The Egyptian-born Muslim cleric Yusuf al-Qaradawi was once invited to speak in this country — and the row which developed as a consequence was both entertaining and instructive. Many people said he shouldn’t be given a visa because of his ‘extremism’. Others, such as the mainstream UK Muslim organisations, insisted that this was a libellous description and that Qaradawi was a moderate who had always favoured dialogue with people of other faiths; Ken Livingstone went further and described him as being a ‘leading progressive voice’ within Islam.
So who was right? On the one hand it is true that the Qatar-based Qaradawi has been opposed to jihadi terrorist attacks — unless they take place against Jews and then it’s not, according to him, terrorism. He does not have much time for Jews, once refusing to attend a meeting with them because: ‘Their hands are soiled with blood. They have murderous, violent and oppressive hands. I cannot soil my hands by shaking theirs.’ He has also quoted approvingly from the fraudulent Protocols of the Elders of Zion. He believes apostates in some circumstances should be put to death, and homosexuals subjected to the lash, that women who have been raped must ‘prove their virtue’ in order to escape punishment, and that uppity women can be beaten by their husbands, but only as a last resort. The answer, then, would seem to be that both sides were right. Within the world of Islam, Qaradawi is indeed a moderate and relatively pacific voice. And yet his views, seen from over here, would appear to be those of a bigoted, foaming maniac.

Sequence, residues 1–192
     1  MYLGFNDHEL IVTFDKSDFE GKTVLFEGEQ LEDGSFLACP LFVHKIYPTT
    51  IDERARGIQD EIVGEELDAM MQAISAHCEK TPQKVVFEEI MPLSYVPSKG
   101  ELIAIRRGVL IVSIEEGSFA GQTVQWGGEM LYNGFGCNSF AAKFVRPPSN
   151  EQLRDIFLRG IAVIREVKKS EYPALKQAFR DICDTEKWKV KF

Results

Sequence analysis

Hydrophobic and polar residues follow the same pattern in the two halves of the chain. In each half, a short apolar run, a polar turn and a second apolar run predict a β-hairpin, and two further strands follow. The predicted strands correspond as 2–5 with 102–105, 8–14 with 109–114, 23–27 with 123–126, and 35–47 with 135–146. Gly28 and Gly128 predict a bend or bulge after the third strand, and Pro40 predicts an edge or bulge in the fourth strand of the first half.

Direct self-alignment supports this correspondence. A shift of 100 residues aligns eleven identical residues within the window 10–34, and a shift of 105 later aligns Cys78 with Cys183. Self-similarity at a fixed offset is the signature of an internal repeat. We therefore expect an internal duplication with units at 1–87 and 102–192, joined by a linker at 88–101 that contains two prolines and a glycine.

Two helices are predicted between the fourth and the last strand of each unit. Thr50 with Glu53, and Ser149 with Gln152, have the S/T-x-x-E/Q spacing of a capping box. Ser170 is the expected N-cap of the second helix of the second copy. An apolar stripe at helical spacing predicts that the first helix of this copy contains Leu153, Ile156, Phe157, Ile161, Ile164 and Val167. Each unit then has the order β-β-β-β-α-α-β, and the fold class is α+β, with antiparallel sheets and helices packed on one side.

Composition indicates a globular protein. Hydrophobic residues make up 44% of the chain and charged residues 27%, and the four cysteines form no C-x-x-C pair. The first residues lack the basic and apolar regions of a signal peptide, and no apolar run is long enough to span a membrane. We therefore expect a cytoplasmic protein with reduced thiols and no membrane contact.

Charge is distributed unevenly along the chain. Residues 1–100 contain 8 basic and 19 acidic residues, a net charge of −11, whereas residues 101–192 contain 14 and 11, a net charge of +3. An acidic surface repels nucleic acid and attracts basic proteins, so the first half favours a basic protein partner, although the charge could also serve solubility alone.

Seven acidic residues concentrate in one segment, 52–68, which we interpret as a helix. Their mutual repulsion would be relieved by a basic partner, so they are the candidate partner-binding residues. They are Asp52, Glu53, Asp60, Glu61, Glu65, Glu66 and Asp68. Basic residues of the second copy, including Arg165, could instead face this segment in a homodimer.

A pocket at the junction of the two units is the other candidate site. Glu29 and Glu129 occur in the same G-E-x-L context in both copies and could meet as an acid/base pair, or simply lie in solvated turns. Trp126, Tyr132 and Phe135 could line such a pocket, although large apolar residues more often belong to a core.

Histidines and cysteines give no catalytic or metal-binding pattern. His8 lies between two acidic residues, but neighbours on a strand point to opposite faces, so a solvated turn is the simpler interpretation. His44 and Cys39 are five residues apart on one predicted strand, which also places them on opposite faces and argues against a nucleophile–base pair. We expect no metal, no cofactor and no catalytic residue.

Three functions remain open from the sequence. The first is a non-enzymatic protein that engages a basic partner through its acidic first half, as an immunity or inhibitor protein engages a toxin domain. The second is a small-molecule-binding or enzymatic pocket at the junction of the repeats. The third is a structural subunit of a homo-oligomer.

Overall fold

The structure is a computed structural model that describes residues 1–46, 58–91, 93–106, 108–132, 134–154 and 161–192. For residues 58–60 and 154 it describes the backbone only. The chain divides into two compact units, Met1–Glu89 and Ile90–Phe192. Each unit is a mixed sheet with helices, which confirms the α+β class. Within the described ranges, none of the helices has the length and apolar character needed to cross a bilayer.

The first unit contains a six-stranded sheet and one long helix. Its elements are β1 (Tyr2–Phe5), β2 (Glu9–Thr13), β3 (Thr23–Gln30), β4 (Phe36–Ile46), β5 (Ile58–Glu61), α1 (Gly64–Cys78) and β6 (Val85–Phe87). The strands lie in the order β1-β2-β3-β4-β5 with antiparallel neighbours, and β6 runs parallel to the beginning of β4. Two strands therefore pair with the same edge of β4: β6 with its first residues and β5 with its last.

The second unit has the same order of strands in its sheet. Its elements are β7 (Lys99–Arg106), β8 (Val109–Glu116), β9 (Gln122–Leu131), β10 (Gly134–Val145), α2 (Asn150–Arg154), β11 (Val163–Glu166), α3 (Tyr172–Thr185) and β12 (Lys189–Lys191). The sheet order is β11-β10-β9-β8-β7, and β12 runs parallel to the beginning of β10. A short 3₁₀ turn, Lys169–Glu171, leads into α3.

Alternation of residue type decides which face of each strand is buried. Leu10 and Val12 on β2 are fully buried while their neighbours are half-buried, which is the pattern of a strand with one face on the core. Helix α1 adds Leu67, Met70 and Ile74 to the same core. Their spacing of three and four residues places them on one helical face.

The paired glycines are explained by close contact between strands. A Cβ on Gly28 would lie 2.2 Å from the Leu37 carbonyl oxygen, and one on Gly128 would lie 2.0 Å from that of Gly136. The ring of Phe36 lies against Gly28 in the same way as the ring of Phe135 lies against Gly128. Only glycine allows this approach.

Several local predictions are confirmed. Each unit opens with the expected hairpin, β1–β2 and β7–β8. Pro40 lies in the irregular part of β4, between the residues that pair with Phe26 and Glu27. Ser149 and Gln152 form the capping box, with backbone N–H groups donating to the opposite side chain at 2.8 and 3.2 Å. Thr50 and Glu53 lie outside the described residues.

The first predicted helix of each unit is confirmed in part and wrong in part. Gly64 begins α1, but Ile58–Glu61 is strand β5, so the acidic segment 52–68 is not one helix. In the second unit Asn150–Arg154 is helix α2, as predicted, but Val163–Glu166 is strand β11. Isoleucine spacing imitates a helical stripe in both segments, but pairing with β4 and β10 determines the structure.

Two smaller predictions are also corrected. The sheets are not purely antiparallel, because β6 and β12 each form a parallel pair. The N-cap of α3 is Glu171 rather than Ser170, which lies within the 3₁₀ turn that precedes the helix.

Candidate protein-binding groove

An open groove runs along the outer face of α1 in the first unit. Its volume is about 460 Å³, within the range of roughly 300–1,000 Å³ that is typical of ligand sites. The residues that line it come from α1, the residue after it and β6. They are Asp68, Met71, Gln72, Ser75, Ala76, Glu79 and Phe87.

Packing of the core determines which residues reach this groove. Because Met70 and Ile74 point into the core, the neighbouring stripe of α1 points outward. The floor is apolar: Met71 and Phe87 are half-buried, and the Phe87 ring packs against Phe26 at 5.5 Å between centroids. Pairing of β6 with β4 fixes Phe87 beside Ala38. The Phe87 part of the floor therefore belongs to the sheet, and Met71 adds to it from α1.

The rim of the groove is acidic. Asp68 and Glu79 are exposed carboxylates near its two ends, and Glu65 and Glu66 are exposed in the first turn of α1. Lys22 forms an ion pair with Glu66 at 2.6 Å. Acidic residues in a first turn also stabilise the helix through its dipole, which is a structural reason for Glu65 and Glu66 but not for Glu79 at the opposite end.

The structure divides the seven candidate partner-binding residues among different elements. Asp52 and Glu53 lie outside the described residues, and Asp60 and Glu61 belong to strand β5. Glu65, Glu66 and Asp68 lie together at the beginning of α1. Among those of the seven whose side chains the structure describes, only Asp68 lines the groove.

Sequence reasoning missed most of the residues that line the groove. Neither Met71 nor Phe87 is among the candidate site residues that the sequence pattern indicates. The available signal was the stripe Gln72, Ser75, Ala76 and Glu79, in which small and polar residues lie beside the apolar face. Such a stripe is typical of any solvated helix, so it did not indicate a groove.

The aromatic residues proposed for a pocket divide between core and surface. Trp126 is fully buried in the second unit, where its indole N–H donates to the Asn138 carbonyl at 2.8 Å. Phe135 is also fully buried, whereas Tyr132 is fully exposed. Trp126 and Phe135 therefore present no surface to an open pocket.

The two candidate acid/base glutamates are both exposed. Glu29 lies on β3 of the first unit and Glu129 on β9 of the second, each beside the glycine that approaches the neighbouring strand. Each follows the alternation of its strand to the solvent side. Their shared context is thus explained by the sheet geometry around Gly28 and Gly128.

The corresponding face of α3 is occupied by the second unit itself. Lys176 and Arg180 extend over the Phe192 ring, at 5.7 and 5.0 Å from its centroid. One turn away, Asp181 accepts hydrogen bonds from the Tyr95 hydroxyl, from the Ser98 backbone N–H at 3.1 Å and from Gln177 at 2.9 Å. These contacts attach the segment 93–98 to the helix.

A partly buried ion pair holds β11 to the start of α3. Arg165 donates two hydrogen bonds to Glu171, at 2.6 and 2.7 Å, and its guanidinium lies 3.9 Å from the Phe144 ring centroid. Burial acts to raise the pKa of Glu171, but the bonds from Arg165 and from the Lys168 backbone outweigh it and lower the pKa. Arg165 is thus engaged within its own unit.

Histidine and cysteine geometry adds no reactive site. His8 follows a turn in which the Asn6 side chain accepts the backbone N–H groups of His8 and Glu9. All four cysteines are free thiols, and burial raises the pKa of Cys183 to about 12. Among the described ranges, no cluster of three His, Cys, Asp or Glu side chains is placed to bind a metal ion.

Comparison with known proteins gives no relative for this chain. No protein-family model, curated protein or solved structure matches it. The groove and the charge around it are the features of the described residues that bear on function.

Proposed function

There are two points to draw from this. First, that many people in this country delude themselves about the Islamic world and its fervent hatred for Jewish people, its subjugation of women and gays, its viciousness in dealing with those who renounce the faith etc.